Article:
But the most damaging legacy will be the rhetoric espoused by the Department during IDS’s tenure. Speaking last month at the Centre for Social Justice, a London-based think-tank he co-founded, he said Labour’s legacy of benefits “entrapped individuals . . . and created a growing underclass”. He added that his benefits cap “said the welfare system is not a bottomless pit of cash . . . the system was there to help if you need it, but we would not tolerate excessiveness from those who wanted to take advantage.”
This “work-shy” fallacy, the myth of the scrounger, the epidemic of the so-called welfare dependent, seems to have informed and laid the foundations for a whole raft of policies at the Department for Work and Pensions. It is the idea that there are thousands of lazy, feckless people who have one intention: to sponge off state hand-outs from the comfort of their living room sofa.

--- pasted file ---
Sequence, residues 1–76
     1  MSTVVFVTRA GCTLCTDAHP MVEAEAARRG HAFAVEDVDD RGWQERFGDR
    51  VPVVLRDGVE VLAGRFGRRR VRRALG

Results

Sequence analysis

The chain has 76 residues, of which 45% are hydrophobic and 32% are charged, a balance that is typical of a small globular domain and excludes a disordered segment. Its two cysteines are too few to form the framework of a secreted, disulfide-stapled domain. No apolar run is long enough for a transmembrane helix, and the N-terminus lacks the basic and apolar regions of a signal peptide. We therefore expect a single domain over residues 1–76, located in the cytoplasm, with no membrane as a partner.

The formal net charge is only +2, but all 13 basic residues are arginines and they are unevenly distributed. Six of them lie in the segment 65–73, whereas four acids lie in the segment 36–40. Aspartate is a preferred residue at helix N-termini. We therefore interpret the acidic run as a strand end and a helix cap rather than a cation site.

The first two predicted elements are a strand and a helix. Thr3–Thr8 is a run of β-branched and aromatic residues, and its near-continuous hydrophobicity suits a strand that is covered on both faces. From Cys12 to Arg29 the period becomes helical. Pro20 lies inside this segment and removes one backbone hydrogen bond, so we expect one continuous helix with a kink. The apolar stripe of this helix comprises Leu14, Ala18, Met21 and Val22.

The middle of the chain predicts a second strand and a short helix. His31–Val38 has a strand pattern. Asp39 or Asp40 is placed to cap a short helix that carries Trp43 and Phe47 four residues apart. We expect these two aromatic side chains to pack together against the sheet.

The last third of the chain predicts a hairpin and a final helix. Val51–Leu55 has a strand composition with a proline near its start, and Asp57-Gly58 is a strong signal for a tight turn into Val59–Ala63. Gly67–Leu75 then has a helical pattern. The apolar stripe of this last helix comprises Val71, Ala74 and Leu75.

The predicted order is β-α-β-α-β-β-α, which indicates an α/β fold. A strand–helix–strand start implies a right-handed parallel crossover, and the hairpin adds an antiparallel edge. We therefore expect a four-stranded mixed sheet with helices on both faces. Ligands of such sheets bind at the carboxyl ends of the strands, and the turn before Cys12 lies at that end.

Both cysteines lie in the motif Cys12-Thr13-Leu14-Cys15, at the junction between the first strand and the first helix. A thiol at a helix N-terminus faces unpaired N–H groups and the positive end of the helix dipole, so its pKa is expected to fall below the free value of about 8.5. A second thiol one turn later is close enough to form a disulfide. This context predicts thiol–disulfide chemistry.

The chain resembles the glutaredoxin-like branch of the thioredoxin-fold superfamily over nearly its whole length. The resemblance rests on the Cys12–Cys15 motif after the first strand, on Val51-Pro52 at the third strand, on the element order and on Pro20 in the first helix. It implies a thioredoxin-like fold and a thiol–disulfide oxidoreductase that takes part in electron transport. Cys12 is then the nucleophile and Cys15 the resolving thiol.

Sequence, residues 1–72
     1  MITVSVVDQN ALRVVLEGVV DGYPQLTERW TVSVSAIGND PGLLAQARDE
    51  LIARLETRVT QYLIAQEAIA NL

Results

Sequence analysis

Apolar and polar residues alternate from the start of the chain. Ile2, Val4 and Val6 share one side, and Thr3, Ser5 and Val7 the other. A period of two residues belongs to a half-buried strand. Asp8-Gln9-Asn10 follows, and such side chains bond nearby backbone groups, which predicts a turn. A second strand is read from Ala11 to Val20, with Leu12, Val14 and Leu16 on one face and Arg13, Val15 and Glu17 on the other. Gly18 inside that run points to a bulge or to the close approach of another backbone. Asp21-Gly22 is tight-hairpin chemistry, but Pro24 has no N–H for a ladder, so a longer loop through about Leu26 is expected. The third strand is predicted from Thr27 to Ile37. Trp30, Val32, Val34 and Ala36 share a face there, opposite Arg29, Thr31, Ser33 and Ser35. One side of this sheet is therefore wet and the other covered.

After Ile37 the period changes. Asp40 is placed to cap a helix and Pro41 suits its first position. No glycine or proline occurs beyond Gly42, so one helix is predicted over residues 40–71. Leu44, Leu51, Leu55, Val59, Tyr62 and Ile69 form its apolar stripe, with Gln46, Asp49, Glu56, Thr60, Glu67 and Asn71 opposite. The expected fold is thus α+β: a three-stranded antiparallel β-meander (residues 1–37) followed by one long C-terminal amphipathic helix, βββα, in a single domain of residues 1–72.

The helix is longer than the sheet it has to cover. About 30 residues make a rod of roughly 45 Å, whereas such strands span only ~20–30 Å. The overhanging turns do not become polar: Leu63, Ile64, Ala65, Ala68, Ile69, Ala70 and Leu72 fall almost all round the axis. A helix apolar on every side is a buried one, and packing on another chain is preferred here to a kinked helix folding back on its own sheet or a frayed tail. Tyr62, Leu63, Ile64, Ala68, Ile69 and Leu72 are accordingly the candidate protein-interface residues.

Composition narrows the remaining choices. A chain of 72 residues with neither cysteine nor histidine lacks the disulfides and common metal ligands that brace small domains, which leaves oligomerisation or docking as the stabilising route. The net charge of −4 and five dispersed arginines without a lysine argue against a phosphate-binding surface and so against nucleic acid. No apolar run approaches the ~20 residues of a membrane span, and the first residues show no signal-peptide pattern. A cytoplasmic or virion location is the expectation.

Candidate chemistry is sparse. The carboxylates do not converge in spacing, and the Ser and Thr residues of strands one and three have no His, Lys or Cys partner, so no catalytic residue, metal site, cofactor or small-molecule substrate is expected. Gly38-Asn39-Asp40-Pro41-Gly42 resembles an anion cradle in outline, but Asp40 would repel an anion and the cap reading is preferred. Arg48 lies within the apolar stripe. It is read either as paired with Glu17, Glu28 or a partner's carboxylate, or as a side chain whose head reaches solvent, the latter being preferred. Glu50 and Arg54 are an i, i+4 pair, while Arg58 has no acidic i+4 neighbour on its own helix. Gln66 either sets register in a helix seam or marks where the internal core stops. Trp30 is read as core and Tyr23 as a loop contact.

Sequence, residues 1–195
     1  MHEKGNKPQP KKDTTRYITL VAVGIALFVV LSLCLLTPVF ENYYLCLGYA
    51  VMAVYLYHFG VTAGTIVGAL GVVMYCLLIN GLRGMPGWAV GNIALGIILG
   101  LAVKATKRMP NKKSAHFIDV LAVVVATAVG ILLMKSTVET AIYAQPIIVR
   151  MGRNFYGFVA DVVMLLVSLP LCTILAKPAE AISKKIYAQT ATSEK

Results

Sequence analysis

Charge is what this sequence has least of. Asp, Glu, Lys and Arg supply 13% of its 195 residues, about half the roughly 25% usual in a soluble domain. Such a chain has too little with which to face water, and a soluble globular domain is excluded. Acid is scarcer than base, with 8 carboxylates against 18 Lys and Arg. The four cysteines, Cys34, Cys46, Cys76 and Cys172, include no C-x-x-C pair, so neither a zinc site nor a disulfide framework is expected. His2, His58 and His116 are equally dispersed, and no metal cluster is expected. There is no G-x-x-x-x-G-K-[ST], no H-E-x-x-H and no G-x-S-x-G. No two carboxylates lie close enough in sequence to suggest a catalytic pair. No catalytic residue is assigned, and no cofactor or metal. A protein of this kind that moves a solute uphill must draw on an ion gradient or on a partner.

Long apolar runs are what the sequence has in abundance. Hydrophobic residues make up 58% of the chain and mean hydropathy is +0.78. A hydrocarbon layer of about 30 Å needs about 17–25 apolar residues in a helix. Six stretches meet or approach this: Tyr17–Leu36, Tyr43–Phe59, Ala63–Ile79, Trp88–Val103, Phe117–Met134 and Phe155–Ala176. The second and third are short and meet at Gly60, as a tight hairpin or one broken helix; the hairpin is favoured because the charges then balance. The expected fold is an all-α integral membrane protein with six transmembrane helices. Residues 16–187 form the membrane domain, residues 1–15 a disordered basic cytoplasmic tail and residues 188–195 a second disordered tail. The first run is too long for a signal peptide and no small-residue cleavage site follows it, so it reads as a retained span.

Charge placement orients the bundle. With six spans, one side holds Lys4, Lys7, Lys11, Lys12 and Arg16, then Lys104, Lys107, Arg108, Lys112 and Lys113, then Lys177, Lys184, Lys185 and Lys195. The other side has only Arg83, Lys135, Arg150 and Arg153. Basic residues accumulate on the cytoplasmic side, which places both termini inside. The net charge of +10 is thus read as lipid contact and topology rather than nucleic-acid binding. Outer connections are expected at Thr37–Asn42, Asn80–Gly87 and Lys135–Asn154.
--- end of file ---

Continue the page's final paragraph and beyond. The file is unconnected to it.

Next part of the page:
DWP advertising campaigns, promoting their telephone hotline and encouraging members of the public to report suspected benefit “cheats” have fostered a climate of hostility between neighbours: where people on the same street are made to feel a degree of patriotism if they peek through their curtain windows to find the next benefits fraudster.
“I will not be shedding any tears for the evangelical, aggressive and routinely failing welfare reforms that were the personal fiefdom of the Secretary of State for the DWP,” said the Conservative MP Stephen McPartland, shortly after Duncan Smith handed in his resignation on Friday evening. My feeling is that many people across the country, and those on the Glaswegian estate where IDS first had his epiphany, will share McPartland’s sentiments.